It’s spring (despite what Mother Nature says) and that means it’s time for another round of mortgage rate wars. But before the Bank of Montreal (BMO) had the chance to unveil its controversial 2.99% rate again, Finance Minister Jim Flaherty called it quits.
Flaherty was infamous for a phone call he made to BMO last spring, urging the bank to practice more “responsible lending” following the 2.99% release. So, now it’s up to new Finance Minister Joe Oliver to man the phones.
Rate wars are on, but are all rates created equal?
The Bank of Montreal has set a precedent, by springing (pun intended) its 2.99% 5-year fixed mortgage rate for the third season since 2012. Other Ontario credit unions, such as Meridian and Alterna Savings, have also dropped their rates to similar offerings – 2.95% and 2.98% respectively. And the 5-year rates on Ratehub.ca have hovered between 2.84% and 2.94% for the last week.
However, not all of these rates are created equal; that is, they do not all come with the same features and conditions. Rob Carrick of The Globe and Mail was quick to point out the pitfalls of the BMO mortgage product that comes with the 2.99% rate, and asserted it “isn’t quite as good as it sounds” – and he’s right. You can’t break the mortgage before it comes up for renewal in 5 years, unless you sell the property, refinance with BMO or do an early renewal into another BMO product.
Compared to a standard mortgage with the usual prepayment penalties, this mortgage product essentially handcuffs you to BMO. Other pitfalls include: the rate hold of only 90 days (some lenders will offer 120 days), the fact that mortgage prepayment options are capped at 10% for both monthly and lump sum payments compared to the standard 20%, and there’s no “mortgage vacation” feature (i.e. skip a payment).
Meanwhile, we can confirm the lowest rates offered by independent mortgage brokers on Ratehub.ca are all standard, full feature mortgage products without such limitations.
Knowing the limitations, if you’re still interested in BMO’s 2.99% rate, you better get a move on, because an internal memo obtained by Allison Lampert of the Montreal Gazette said the rate was promotional and only available until April 17th.
Why are the banks cutting rates now?
Normally, the banks will adjust mortgage rates in the direction of bond yields (which more or less reflect the cost of funding mortgages), but the recent cuts don’t appear to follow this trend. As you can see in the chart below, 5-year bond yields have come down a bit since January, but are not nearly as low as they were in the spring of 2013 when the 5-year 2.99% mortgage rate also prevailed.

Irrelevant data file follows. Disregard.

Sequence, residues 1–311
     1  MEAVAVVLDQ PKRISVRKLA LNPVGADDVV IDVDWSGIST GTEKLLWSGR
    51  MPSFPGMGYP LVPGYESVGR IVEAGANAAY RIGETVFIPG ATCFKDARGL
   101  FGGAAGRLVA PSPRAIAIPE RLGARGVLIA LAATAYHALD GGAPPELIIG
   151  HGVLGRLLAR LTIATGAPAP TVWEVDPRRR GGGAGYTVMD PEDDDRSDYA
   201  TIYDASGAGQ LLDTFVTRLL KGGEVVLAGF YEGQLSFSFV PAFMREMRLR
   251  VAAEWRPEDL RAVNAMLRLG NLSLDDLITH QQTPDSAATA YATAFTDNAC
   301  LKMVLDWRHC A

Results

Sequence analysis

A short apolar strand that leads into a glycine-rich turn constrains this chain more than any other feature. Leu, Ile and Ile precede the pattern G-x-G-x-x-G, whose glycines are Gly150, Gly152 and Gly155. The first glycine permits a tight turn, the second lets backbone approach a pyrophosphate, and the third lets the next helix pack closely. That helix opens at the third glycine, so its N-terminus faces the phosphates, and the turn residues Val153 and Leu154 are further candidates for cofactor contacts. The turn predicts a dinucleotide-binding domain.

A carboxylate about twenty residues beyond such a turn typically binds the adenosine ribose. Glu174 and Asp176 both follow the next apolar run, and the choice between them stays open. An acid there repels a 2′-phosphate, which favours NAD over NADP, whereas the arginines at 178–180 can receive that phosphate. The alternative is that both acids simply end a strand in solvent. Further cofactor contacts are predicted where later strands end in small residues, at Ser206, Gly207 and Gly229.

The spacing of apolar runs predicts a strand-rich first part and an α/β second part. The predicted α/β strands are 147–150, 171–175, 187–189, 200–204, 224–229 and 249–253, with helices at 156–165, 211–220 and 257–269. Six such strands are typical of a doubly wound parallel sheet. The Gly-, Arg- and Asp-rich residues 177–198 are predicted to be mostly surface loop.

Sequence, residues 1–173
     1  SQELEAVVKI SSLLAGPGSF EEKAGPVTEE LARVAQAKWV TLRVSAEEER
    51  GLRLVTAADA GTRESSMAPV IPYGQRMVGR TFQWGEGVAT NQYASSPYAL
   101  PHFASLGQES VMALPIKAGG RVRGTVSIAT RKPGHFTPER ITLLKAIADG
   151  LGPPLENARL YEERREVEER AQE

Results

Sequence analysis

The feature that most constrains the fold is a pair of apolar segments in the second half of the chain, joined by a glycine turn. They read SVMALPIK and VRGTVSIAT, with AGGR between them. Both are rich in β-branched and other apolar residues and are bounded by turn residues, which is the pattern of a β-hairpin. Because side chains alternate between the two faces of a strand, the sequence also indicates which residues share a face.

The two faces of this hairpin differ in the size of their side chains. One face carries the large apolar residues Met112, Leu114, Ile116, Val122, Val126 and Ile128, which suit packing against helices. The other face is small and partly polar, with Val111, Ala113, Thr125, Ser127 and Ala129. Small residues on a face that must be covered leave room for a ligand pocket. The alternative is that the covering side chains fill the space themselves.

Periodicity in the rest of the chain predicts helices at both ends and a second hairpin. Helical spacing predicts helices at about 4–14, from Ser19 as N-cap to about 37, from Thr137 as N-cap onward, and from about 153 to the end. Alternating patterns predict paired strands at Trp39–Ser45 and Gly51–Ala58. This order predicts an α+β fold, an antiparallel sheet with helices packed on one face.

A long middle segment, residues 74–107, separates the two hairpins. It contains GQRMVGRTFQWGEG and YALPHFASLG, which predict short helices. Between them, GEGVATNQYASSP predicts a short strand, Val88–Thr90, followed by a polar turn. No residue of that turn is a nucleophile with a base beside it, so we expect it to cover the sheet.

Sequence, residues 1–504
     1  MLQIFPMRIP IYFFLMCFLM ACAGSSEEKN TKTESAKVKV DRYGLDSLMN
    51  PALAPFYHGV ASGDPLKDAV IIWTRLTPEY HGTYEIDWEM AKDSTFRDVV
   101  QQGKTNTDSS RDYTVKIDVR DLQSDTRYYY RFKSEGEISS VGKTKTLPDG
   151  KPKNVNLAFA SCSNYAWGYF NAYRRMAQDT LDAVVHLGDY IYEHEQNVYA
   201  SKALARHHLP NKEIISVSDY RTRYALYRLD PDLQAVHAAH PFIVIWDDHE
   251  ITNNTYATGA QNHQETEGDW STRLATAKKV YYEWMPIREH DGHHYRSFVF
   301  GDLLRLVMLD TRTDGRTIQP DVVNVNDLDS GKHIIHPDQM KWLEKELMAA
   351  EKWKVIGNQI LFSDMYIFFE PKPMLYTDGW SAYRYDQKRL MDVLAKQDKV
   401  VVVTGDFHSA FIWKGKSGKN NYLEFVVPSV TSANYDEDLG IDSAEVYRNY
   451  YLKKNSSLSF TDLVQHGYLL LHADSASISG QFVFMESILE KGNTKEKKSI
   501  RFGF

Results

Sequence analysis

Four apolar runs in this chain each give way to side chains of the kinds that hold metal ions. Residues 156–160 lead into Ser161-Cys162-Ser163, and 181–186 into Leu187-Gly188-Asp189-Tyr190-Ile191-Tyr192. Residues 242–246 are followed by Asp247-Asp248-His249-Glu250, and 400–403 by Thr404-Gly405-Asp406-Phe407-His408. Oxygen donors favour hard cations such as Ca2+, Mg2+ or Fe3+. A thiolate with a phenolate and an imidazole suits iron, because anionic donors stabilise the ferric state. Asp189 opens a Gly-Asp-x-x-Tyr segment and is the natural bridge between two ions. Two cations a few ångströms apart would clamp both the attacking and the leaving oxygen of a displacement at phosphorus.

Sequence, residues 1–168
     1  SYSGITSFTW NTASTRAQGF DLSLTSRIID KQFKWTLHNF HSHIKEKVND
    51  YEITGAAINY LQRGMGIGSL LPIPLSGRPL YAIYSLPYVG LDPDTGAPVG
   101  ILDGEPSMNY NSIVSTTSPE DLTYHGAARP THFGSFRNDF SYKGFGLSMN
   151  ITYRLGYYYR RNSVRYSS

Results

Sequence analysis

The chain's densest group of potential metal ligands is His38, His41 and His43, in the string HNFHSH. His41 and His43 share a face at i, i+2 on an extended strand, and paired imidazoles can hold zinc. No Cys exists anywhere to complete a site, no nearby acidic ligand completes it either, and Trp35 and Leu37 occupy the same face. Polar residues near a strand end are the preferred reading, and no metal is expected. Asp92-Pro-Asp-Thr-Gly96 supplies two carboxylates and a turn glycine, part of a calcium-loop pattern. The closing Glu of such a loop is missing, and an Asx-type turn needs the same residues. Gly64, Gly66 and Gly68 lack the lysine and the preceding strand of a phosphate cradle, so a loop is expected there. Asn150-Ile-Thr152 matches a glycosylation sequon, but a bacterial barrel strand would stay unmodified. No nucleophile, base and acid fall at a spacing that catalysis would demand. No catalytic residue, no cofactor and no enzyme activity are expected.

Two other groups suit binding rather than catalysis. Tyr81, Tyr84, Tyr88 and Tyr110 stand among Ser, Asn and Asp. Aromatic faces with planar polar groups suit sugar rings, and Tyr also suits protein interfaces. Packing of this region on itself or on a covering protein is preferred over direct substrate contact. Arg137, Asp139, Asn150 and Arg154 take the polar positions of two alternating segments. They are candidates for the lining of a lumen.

Therefore, one can only assume the latest mortgage rate cuts are a move to generate business and capture market share. Indeed, BMO has the smallest share of any of the Big Banks in the mortgage market.
5-year fixed isn’t the only good deal out there
All of the attention has fallen on the more popular 5-year fixed mortgage rate, but there are other – and arguably better – deals out there right now. The 5-year variable mortgage rate has hovered between 2.30% to 2.35% for the last couple months on Ratehub.ca, while the 2- and 4-year fixed rates at 2.49% and 2.79% respectively are also great deals. To put this in perspective, consider the 4-year rate at 2.79%. There’s a 0.15% premium to get one more year locked in for the 5-year at 2.94%. For some, this premium may be worthwhile, but it definitely doesn’t make sense for everyone.
Flaherty out, Oliver in
What does new Finance Minister Joe Oliver have to say about the rate wars? So far, not much. In a recent statement made to reporters, Oliver said, “our government has taken action in the past to reduce consumer indebtedness and the government’s exposure to the housing market. I will continue to monitor the market closely.” However, later that day, Oliver called the bank’s move a private decision and said he was not going to intervene.
Only time will tell what will happen in this situation. In the meantime, if you’re missing Flaherty and his interventionist ways, here’s a summary of his greatest hits.
Canadian Mortgage Awards
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